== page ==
The story by Charles Day (Physics Today, August 2008, page 18) on the effects of very low-frequency radio waves on trapped electrons in the radiation belts describes interesting results obtained on the interaction of manmade VLF radiation with radiation-belt particles. 1  

Unfortunately the Physics Today piece contains several errors.

  • ▸ The absence of radiation in a region of the North Atlantic Ocean is depicted in figure 3 of Day’s story—conjugate to the region of radiation detected by the instruments of Jean-André Sauvaud and coworkers 1 at 700 km in the South Atlantic Anomaly. That absence is not because of the loss of that radiation by precipitation into the atmosphere but because the northern particle mirror points conjugate to the South Atlantic Anomaly radiation lie at altitudes well above the altitude of the satellite carrying the instruments of Sauvaud’s team.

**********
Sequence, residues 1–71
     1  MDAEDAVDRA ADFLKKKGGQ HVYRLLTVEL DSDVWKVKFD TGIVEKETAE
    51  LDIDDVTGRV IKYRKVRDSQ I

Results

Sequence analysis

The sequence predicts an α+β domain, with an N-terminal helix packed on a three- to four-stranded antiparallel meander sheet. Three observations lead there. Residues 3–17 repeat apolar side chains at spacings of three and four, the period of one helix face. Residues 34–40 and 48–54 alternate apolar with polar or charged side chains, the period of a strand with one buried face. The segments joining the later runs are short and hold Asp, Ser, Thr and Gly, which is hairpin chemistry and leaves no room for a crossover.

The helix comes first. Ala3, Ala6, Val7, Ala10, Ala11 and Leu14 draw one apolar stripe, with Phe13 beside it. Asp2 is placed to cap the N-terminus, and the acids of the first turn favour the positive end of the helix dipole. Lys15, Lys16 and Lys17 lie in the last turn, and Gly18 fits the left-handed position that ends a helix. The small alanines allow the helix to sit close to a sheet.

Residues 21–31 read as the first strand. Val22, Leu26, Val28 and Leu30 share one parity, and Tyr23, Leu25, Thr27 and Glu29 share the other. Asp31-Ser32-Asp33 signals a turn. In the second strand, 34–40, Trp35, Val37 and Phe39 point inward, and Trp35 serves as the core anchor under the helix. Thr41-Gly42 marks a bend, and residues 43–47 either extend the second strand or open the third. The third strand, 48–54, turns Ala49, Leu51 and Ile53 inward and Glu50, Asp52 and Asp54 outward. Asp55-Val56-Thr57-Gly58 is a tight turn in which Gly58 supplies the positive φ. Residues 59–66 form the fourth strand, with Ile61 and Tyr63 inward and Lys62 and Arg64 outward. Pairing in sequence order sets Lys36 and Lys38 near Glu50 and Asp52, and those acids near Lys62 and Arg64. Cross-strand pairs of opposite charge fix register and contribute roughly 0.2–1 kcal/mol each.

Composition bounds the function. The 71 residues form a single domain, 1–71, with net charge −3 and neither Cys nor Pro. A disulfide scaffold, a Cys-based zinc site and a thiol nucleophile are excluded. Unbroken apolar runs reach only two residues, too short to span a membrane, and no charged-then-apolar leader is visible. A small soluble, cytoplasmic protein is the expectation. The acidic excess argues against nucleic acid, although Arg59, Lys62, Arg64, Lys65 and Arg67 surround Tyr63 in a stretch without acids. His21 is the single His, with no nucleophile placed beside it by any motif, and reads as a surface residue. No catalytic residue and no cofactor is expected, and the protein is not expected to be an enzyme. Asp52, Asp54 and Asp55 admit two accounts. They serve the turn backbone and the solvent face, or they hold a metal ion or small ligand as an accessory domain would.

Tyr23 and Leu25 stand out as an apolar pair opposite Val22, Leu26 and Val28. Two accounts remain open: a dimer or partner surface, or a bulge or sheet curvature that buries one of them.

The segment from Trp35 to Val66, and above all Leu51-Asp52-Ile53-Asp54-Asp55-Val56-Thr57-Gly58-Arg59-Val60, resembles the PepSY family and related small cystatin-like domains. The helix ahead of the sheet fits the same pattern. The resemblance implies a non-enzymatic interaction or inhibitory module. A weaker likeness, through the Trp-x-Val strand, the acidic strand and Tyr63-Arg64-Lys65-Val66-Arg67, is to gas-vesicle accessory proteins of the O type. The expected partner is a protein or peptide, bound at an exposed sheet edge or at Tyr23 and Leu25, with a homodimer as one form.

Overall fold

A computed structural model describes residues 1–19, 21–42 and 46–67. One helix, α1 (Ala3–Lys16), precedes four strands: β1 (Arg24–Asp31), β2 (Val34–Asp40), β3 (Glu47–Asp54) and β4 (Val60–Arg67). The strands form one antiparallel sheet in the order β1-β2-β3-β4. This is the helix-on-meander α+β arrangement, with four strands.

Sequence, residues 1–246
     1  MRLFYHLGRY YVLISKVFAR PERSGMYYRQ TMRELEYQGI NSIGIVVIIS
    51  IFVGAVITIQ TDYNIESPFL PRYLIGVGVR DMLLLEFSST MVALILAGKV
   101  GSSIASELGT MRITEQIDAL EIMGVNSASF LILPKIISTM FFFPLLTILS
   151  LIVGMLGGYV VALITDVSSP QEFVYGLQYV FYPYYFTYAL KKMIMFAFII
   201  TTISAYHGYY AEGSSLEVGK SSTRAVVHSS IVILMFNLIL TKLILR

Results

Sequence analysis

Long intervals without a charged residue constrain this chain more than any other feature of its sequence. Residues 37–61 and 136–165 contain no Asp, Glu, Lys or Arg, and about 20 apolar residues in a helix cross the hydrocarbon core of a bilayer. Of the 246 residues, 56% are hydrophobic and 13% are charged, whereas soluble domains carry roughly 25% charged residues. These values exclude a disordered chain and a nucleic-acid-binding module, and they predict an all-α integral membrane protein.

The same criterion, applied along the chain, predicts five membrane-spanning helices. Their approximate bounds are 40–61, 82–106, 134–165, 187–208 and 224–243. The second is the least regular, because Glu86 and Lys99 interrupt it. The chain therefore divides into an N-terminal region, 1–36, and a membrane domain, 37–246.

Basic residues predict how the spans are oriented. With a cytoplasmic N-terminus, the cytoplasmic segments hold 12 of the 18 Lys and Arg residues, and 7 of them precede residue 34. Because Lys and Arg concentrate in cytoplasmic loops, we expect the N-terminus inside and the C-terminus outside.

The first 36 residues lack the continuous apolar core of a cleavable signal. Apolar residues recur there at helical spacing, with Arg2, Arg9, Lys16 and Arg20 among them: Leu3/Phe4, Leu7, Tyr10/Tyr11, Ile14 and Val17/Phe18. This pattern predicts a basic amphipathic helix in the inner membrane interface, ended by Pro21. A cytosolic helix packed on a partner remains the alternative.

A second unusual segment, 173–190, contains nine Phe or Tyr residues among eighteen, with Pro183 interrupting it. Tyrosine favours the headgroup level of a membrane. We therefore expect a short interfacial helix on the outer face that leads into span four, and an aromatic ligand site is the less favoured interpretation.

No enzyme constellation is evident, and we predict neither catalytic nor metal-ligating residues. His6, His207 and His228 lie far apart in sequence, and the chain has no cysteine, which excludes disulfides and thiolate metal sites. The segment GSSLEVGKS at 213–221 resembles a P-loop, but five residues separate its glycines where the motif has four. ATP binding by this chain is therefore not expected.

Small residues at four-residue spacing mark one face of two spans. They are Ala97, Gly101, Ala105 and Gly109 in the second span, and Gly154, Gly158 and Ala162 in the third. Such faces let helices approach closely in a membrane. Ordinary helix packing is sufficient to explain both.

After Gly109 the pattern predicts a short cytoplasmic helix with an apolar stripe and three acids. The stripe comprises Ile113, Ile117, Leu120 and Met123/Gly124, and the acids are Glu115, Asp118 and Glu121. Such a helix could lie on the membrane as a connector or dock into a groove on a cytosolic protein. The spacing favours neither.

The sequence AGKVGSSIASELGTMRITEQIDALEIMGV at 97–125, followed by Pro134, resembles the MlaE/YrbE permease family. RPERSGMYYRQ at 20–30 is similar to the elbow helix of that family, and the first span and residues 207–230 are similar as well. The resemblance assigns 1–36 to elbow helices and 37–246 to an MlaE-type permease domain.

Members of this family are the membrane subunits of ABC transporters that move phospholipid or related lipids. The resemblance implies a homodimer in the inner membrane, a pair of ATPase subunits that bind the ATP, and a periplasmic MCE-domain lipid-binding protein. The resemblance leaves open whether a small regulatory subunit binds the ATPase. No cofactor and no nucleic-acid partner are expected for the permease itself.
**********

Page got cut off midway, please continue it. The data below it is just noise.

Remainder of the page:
• ▸ In the South Atlantic in late August and early September 1958, there were three nuclear tests, not one as the author states.

  • ▸ The first artificial aurora created by a nuclear test was the result of the Teak test in early August 1958, albeit at low latitudes near the Pacific test site of Johnson Island.

  • ▸ The treaty prohibiting tests in the atmosphere, in space, and under water had a far more complex ancestry than just the results and effects of Starfish Prime, as stated by the author. Widespread concerns regarding the biological effects of fallout and the desire to tamp down the arms race were the major factors that led to the limited test ban treaty of 1963.

1.
J.-A.
Sauvaud
,
R.
Maggiolo
,
C.
Jacquey
,
M.
Parrot
,
J. -J.
Berthelier
,
R. J.
Gamble
,
C. J.
Rodger
,
Geophys. Res. Lett.
35
,
L09101
(
2008
), .